The opinion of the court was delivered by: Hon. Dana M. Sabraw United States District Judge
ORDER DENYING DEFENDANTS BERMANBRAUN, LLC ANDMICROSOFT CORPORATION'S MOTION TO DISMISS [Docket No. 49]
This case comes before the Court on Defendants BermanBraun, LLC and Microsoft Corporation's motion to dismiss. Plaintiff Webceleb, Inc. filed an opposition to the motion, and Defendants filed a reply. For the reasons discussed below, the Court denies Defendants' motion.
Plaintiff Webceleb, Inc.: is the owner of U.S. Trademark Registration No. 3756711 for the mark WEBCELEB in international class 042 for "Providing temporary use of on-line non-downloadable software to enable uploading, posting, showing, displaying, tagging, blogging, sharing, or otherwise providing electronic media or information in the field of general interest over the Internet or other communications network." (First Am. Compl. ¶ 7.) Plaintiff "operates an online social marketplace for independent music that brings independent musicians and music fans together." (Id. ¶ 9.) The musicians use Plaintiff's platform to distribute their music directly to fans, and fans use the platform to browse for and purchase music. (Id.) Plaintiff also produces concerts featuring artists on Plaintiff's website. (Id. ¶ 11.)
In October 2010, Plaintiff experienced an unexpected number of visitors to its website. (Id. ¶ 17.) Plaintiff discovered this spike in virtual traffic was caused by Defendants' advertising and promotion of a category of the People's Choice Awards, namely the "Web Celeb" category. (Id. ¶ 18.)
On November 9, 2010, Plaintiff filed the present case against Defendant Procter & Gamble alleging claims for trademark infringement and unfair competition. Plaintiff filed a First Amended Complaint on October 11, 2011, alleging the same claims but adding Defendants BermanBraun and Microsoft. The present motion followed.
Defendants move to dismiss the claims alleged in the First Amended Complaint. They argue Plaintiff lacks standing, and it has failed to plead a claim for trademark infringement.*fn1
In two recent opinions, the Supreme Court established a more stringent standard of review for 12(b)(6) motions. See Ashcroft v. Iqbal, 556 U.S. 662, 129 S.Ct. 1937 (2009); Bell Atlantic Corp. v. Twombly, 550 U.S. 544 (2007). To survive a motion to dismiss under this new standard, "a complaint must contain sufficient factual matter, accepted as true, to 'state a claim to relief that is plausible on its face.'" Iqbal, 129 S.Ct. at 1949 (citing Twombly, 550 U.S. at 570). "A claim has facial plausibility when the plaintiff pleads factual content that allows the court to draw the reasonable inference that the defendant is liable for the misconduct alleged." Id. (citing Twombly, 550 U.S. at 556).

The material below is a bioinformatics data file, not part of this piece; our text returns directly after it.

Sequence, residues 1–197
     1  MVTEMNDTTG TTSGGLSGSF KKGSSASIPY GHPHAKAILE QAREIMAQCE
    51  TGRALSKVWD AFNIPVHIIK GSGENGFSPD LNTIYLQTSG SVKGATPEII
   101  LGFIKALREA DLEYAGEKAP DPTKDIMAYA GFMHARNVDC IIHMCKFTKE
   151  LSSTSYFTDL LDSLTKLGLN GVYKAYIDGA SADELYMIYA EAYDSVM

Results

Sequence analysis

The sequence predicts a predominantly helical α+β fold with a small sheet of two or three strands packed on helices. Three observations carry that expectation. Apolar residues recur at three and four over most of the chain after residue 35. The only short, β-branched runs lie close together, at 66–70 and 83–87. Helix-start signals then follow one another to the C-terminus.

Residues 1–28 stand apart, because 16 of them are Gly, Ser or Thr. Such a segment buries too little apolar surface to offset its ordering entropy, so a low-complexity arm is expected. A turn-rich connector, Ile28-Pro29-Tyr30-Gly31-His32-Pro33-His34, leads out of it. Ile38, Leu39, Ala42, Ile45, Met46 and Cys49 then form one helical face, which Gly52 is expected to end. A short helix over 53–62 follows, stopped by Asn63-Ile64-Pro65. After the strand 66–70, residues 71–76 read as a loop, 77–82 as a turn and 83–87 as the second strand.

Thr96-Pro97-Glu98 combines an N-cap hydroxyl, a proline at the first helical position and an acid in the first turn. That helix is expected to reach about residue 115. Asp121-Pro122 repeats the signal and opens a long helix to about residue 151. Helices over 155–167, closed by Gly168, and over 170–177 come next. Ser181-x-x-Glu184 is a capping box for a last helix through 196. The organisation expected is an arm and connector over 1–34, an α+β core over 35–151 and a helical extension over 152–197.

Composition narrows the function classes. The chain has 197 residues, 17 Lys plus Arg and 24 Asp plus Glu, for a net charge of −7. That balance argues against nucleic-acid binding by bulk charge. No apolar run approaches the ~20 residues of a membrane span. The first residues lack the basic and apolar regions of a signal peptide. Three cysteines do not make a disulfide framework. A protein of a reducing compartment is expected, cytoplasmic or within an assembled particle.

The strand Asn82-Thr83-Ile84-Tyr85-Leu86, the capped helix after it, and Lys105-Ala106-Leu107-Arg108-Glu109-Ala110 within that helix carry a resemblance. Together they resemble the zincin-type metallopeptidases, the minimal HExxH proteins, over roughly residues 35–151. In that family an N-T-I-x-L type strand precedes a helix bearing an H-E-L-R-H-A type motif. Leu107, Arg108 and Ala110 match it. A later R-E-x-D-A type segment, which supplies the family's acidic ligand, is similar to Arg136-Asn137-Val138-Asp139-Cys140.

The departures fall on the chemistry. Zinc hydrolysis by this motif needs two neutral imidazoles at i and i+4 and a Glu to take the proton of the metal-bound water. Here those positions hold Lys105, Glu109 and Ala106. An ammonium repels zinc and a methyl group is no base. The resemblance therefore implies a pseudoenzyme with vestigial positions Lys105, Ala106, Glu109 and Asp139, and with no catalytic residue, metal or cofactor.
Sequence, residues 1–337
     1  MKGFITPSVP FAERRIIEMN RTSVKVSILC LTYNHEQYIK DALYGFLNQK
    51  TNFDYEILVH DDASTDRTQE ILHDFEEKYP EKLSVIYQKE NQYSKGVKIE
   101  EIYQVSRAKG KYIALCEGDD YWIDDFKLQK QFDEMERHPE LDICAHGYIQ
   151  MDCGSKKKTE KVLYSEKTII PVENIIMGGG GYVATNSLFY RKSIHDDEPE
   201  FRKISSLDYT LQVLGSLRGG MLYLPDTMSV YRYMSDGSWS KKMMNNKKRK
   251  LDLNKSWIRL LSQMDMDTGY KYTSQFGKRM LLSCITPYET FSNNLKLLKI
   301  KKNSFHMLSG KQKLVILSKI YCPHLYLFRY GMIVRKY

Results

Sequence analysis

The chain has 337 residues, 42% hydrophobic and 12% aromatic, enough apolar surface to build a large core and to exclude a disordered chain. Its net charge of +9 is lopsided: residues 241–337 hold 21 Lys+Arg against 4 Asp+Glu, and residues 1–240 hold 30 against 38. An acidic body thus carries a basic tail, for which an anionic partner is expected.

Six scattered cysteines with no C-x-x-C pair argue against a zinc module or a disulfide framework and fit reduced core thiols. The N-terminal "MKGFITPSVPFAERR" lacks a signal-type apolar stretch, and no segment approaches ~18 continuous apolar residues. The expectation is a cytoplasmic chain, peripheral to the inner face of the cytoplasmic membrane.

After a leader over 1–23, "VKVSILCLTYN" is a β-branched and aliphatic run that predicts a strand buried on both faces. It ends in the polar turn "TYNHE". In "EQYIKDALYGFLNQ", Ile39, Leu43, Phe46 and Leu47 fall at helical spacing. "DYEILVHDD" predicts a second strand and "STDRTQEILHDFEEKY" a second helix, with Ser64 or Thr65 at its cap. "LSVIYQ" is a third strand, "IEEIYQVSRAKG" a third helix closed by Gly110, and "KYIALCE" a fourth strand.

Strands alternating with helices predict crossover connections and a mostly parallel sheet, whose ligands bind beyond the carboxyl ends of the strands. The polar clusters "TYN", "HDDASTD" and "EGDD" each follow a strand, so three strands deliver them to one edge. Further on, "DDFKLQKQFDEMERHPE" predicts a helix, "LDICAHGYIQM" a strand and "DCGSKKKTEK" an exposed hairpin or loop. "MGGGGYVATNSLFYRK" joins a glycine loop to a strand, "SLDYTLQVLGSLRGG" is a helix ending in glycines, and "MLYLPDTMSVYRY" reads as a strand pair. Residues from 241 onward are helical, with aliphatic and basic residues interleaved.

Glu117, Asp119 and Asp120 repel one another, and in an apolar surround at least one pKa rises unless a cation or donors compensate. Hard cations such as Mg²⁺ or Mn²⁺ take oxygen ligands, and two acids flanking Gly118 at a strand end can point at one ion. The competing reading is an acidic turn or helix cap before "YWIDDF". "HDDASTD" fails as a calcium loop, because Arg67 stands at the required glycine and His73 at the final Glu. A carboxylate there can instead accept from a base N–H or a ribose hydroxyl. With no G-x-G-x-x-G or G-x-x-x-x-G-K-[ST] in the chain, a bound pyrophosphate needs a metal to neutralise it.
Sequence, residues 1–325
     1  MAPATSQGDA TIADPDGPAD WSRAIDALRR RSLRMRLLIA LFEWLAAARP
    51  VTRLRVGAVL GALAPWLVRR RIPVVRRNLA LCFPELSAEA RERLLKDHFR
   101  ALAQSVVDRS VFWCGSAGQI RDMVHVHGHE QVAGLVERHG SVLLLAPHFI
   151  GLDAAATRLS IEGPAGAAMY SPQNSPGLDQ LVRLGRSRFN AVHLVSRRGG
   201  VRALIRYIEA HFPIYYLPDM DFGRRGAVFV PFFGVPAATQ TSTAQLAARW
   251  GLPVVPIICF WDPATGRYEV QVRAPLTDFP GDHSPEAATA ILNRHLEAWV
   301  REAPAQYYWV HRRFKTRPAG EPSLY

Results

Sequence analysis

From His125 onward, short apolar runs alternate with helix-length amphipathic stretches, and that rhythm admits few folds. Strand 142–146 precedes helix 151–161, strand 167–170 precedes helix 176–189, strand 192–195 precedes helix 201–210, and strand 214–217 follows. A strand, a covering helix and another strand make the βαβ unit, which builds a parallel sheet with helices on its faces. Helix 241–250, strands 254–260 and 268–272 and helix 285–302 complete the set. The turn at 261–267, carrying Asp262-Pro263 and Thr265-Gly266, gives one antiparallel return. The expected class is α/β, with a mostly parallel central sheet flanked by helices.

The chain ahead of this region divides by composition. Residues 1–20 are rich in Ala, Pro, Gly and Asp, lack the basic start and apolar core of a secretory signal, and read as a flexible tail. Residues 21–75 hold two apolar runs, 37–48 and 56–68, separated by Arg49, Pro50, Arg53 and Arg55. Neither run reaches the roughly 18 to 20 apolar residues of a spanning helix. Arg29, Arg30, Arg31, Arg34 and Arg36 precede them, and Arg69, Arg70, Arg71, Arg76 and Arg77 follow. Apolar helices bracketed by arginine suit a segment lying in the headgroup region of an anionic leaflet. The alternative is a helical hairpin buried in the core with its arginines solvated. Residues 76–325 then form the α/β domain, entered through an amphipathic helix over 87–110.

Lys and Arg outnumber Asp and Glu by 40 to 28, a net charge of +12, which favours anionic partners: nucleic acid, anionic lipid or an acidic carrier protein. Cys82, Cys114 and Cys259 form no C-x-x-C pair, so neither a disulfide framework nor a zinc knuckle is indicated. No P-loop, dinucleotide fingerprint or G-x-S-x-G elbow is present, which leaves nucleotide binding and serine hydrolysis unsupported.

"Determining whether a complaint states a plausible claim for relief will ... be a context-specific task that requires the reviewing court to draw on its judicial experience and common sense." Id. at 1950 (citing Iqbal v. Hasty, 490 F.3d 143, 157-58 (2d Cir. 2007)). In Iqbal, the Court began this task "by identifying the allegations in the complaint that are not entitled to the assumption of truth." Id. at 1951.
It then considered "the factual allegations in respondent's complaint to determine if they plausibly suggest an entitlement to relief." Id. at 1951.
Defendants' first argument in support of their request for dismissal is that Plaintiff lacks standing. Specifically, Defendants argue Plaintiff has failed to allege sufficient facts to show injury.*fn2 However, the Court disagrees. Plaintiff has alleged that Defendants violated Plaintiff's exclusive right to the mark "webceleb." Although Plaintiff does not specifically plead the type of injury it suffered from this alleged trademark infringement, it is reasonable to infer that the injury suffered is the damage to Plaintiff's reputation. See Wine Group LLC v. Levitation Management, LLC, No. CIV. 2:11-1704 WBS JFM, 2011 WL 4738335, at *5 (E.D. Cal. Oct. 6, 2011) (stating "injury in a trademark infringement case is the damage to the ...